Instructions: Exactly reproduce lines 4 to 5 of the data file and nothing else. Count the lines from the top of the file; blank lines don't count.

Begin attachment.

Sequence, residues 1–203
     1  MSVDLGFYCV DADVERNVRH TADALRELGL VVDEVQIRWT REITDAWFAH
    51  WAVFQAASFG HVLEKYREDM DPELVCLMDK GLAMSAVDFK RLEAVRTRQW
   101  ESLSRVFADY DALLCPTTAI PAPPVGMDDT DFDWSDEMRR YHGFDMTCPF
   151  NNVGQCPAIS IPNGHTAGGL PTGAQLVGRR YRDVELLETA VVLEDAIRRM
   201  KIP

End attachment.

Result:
   101  ESLSRVFADY DALLCPTTAI PAPPVGMDDT DFDWSDEMRR YHGFDMTCPF
   151  NNVGQCPAIS IPNGHTAGGL PTGAQLVGRR YRDVELLETA VVLEDAIRRM